For what it’s worth, the two groups are registered with the IRS as 527’s, or tax-exempt organizations created primarily to influence the election or defeat of candidates. As they were not advocating for or against candidates for federal elective office, it would appear that they are not required to file with the FEC.

Red Haven
Member
Red Haven

Great work estevens! At the very least it’s a violation of the clear spirit of Hoboken’s Redeveloper Pay-to-Play ordinance and it shouldn’t be allowed. Hard to believe $180k was spent on these lame fliers and ads. Then again, Ursa is the same group that thought advertising their plan for the Western Edge Redevelopment on Concha’s site was going to change minds and influence people. Is it any wonder why Tarragon went bankrupt?

In response to estevens who said:
I don’t think that the article so much disparages PACs as it reveals who was funding the mailings that were sent out during the recent election. My issue is not with PACs but with the concealing the identity of campaign supporters in our local elections.

For what it’s worth, the two groups are registered with the IRS as 527’s, or tax-exempt organizations created primarily to influence the election or defeat of candidates. As they were not advocating for or against candidates for federal elective office, it would appear that they are not required to file with the FEC.

CalGard
Member
CalGard
I agree that estevens has done a great job. It took me a while to absorb what he wrote here, and now wish I could retract some previous posts. Thank goodness that POG pushed for the Pay-to-Play ordinance in Hoboken. Shame on the state and federal governments for making it so easy for this ordinance to be by-passed by the use of IRS approved 527 non-profit political groups. URSA (or a partner, ie. Michael Sciarra) and unions (like NJ Carpenters), who benefit from prodevelopment allies, can give money to these 527 groups registered outside of NJ who then can then transfer the money to political marketing machines to produce campaign advertising for or against any candidate. As estevens points out – adding to the insult is that in the case cited here, the person responsible for setting up the non-profit political group is the same person who funnels the money he collects to his own political advertising firm so he to profits directly from the activity. And this is legal as long as a candidate’s campaign is not demonstrably directly involved in what is happening. Evidence of a candidate’s involvement is obvious but unfortunately circumstantial. The frustrating fact is that the IRS has all the data we need to do a thoughtful and thorough investigation and uncover all sorts of dubious connections between individuals and organizations. If I could access the complete database without having to navigate the cumbersome interface provided by the IRS, I would have a lot of… Read more »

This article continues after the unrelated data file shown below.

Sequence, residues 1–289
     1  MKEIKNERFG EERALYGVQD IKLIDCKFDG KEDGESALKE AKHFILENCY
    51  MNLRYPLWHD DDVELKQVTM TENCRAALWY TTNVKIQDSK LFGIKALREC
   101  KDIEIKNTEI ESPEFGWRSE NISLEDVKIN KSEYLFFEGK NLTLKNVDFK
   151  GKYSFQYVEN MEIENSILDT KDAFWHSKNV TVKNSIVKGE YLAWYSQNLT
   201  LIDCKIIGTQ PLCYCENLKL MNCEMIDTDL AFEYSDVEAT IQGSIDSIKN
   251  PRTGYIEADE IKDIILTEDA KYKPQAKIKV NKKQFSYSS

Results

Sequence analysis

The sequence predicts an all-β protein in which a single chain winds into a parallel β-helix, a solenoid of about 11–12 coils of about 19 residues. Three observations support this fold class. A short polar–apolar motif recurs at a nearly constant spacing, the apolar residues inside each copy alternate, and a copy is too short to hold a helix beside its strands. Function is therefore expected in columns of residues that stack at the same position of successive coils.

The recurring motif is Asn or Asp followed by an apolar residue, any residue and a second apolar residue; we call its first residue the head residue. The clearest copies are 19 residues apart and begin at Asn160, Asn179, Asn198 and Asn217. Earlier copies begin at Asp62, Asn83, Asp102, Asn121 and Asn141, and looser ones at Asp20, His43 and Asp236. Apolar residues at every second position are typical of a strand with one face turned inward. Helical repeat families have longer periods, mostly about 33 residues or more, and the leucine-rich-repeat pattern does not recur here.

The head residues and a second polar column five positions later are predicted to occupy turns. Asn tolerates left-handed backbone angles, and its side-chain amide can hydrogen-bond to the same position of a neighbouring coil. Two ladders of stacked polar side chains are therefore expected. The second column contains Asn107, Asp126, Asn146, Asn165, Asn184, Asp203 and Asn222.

CalGard
Member
CalGard

Too bad they aren’t PACs and registered with the FEC as then they would be legally obligated to post the contributors as well as the recipients of their funds. I think its good that PACs are transparent that way. And by the way, I never have and never will donate to any PAC.

In response to estevens who said:
I don’t think that the article so much disparages PACs as it reveals who was funding the mailings that were sent out during the recent election. My issue is not with PACs but with the concealing the identity of campaign supporters in our local elections.

For what it’s worth, the two groups are registered with the IRS as 527’s, or tax-exempt organizations created primarily to influence the election or defeat of candidates. As they were not advocating for or against candidates for federal elective office, it would appear that they are not required to file with the FEC.

elainetyger
Member
elainetyger

The problem is that if you are going to speak out for or against a candidate, or pay money for or against a candidate, there should not be this 3 levels of secrecy. “People who are concerned” giving an opinion are different from “people who have a dog in the race.”